Crimea will remain depressed in 2010, but do not expect the
downturn to last for long beyond that. They acknowledge that
the infrastructure will need to be upgraded significantly,
additional recreation facilities must be developed (land has
been set aside for a dinosaur-themed amusement park), and the
region's reputation for 'Soviet-style' service has to be
overcome if Crimea is to compete against other tourist
destinations in the Black Sea region.
7. (U) Although risky in Crimea due to frequent early frosts
and droughts, agricultural activity makes up 60% of Crimea's
GDP. Much of the center of the Crimean peninsula is sown
with traditional crops - Durham wheat, barley, rapeseed,
vegetables, apples and grapes - which are frequently planted
and harvested without the benefit of modern technologies.
Crimea has found a profitable outlet for its wheat, which is
exported to Italy for processing, and the amount of acreage
under grain crops has been increasing at the expense of
vineyards and fruit orchards. Almost all of Crimea's food
crops are consumed locally, with much of the demand coming
from the tourism industry on the south coast. Despite the
decline in tourism, Crimean agricultural output grew 5.5%
year-on-year from Jan-July 2008 to 2009, with surplus
production being exported.
8. (U) Crimean wineries account for the majority of
Ukraine,s annual production of 1.5 billion liters of wine.
For its part, foreign demand for Crimean wine has held steady
at 160-200 thousand liters per year, through the crisis. 90%
of Crimean wine exports go to Russia, and 5% to Belarus.
Less than 1% reaches the U.S. markets. In the 1980s, Crimea
had 180,000 hectares planted in vineyards, but in 1986,
Mikhail Gorbachev,s anti-alcoholism campaign saw 80,000
hectares ripped out, and the production of sweet dessert
wines and cognac was greatly diminished until the breakup of
the USSR. Since independence, 140,000 hectares of vineyards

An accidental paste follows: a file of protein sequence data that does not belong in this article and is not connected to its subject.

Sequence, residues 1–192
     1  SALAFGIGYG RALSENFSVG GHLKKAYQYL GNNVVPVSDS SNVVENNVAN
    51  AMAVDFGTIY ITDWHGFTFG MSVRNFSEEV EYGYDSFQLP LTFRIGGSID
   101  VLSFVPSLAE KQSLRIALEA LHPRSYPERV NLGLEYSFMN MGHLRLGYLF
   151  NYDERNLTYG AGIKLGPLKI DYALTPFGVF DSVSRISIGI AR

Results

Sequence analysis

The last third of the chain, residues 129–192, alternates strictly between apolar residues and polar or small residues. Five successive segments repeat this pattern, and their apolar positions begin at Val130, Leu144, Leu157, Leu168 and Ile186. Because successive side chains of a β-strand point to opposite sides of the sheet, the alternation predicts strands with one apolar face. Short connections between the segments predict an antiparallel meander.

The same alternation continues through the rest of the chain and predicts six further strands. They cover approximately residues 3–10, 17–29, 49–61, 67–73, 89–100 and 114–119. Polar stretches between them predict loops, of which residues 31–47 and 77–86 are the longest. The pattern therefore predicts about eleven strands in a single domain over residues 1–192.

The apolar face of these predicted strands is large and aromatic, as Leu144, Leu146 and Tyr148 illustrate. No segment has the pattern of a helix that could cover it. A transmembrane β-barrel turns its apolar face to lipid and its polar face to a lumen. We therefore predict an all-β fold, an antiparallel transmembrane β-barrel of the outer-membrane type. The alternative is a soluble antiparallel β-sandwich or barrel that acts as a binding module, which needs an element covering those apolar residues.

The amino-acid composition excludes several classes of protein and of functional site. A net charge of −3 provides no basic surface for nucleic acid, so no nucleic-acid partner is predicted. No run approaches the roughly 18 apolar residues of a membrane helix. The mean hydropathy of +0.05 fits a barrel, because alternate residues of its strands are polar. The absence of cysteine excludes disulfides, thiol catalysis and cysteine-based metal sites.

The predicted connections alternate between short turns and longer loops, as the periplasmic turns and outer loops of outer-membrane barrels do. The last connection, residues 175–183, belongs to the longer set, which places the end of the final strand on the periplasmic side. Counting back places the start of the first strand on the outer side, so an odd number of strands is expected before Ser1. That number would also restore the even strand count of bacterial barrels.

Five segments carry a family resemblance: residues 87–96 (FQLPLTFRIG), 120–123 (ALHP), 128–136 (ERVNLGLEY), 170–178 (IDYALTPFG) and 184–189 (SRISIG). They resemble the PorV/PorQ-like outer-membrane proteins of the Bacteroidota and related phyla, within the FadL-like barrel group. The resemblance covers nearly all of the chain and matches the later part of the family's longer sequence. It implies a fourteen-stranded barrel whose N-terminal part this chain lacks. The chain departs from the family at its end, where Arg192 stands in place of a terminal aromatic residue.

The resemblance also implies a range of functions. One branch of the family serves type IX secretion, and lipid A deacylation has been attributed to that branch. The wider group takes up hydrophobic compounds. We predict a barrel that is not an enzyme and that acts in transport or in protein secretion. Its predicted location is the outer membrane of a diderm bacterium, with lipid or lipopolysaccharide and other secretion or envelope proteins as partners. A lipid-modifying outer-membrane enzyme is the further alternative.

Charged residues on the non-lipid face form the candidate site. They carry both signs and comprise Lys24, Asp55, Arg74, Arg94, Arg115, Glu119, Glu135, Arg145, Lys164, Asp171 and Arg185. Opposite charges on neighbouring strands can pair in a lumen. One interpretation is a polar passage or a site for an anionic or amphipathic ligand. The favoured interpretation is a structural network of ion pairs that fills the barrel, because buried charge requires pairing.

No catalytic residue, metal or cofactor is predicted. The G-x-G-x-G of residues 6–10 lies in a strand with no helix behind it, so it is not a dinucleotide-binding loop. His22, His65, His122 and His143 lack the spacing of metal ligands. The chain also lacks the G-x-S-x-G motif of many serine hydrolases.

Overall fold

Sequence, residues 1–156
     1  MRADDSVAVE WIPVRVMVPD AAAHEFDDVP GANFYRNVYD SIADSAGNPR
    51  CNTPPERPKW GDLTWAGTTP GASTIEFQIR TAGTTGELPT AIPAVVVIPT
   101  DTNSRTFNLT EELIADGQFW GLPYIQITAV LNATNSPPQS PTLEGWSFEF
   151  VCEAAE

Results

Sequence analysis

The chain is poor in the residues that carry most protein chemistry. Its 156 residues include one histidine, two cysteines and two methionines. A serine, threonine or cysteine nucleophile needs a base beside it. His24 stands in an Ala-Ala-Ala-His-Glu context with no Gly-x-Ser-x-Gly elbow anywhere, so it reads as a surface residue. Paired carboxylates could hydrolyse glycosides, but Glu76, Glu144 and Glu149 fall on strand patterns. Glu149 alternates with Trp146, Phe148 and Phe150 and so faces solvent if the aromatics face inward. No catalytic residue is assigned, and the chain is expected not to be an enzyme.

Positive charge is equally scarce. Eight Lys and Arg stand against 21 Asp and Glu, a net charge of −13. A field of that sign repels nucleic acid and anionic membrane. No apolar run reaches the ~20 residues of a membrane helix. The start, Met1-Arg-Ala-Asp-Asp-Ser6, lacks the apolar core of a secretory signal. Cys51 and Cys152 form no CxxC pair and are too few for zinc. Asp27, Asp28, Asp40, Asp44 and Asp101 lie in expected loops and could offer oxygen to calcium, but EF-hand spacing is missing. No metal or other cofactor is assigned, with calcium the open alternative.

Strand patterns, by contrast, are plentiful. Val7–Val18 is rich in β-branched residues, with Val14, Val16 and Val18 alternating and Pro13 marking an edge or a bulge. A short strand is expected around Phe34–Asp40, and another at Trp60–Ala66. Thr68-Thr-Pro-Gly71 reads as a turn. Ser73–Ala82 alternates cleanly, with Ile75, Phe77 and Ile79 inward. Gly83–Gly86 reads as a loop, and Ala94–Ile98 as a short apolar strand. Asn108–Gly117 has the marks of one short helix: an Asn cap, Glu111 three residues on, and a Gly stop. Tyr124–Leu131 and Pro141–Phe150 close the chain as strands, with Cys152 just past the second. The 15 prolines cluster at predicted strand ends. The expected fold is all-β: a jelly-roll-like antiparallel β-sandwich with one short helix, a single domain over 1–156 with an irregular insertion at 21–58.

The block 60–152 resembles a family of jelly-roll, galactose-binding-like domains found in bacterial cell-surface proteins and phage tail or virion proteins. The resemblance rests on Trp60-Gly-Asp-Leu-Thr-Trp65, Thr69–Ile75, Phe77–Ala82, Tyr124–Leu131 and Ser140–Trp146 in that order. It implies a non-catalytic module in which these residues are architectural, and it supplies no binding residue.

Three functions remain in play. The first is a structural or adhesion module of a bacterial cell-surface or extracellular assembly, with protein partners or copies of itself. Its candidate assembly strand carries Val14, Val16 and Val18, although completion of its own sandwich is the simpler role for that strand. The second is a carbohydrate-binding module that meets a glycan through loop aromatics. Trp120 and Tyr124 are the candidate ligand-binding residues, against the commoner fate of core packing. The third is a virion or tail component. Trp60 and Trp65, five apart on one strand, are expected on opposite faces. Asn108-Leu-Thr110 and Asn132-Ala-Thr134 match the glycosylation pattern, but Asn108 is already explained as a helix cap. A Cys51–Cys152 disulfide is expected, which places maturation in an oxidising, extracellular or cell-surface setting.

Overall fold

have been replanted, and many of the wineries of Crimea have
switched to making the dry wines that are popular with both
foreign customers and Kyiv elites.
9. (U) Most of Crimea's energy comes from power plants in the
mainland of Ukraine, coming in across an increasingly
overburdened electrical grid. To cut costs and lower the
load on the power grid, the GARC is promoting energy
efficiency among the peninsula's industries, building on the
2001 "Clean Energy for Crimea" exchange program with
Washington State. The GARC is working on overcoming
obstacles to investment in wind energy and promoting a joint
venture between Crimea and Washington businesses for the
manufacture and sale of renewable energy equipment. Local
thermal power plants produce 6-7% of the electricity used in
Crimea, although the GARC has expressed interest in investing
more heavily in alternative energy - solar, wind and
additional thermal pumps. However, lack of funding and
capacity to attract foreign investment has hampered efforts
in this area.
10. (U) Crimea,s manufacturing sector is concentrated in the
chemical and machine building industries, mostly situated in
the northern part of the peninsula. The global economic
crisis and resultant reduction in industrial demand has
severely impacted Crimea's machine building sector, and the
lack of customers has led to production cutbacks of up to 90%
at some firms. Overall, Crimea,s industrial output fell
26.1% year-on-year from H1 2008 to H1 2009.
11. (U) The majority of foreign direct investment (FDI) in
Crimea goes into agriculture, industry and recreation. As of
July 1, 2009, FDI stood at USD 673 million, with annual
inflow growing from USD 20.9 million in 2002 to USD 51.1
million in 2008. The GARC Ministry of Economy estimates that
one third comes from Russia, one third from the European
Union, and one third from the rest of the world. Even in the
"autonomous" region, Crimean authorities have little freedom
to offer investment incentives, due to limits set at the
national level in 2005. Permitted incentives include
tax-free import of construction equipment used for
development, rebates of VAT payments, and a property tax
holiday during the process of construction. Due to a
country-wide ban on the sale of agricultural land, foreign
firms have adopted the practice of signing 49-year leases.

12. (SBU) Comment: Crimea,s prospects for economic
development are limited in the near term. The GARC has
created the legal and administrative bases for future
progress, but their initiatives lack funding and have little
impact on Crimea,s business and investment climate at the
present time. They acknowledge the peninsula,s
underdeveloped power and transportation infrastructure and
the difficulties faced by potential entrepreneurs, but the
GARC lacks the financial resources to address these issues at
the present time and is further restricted by GOU legislation
which limits the ability of local governments to offer
investment incentives. Widespread tax evasion also
constrains the GARC,s ability to address the peninsula's
development. End comment.

© Scoop Media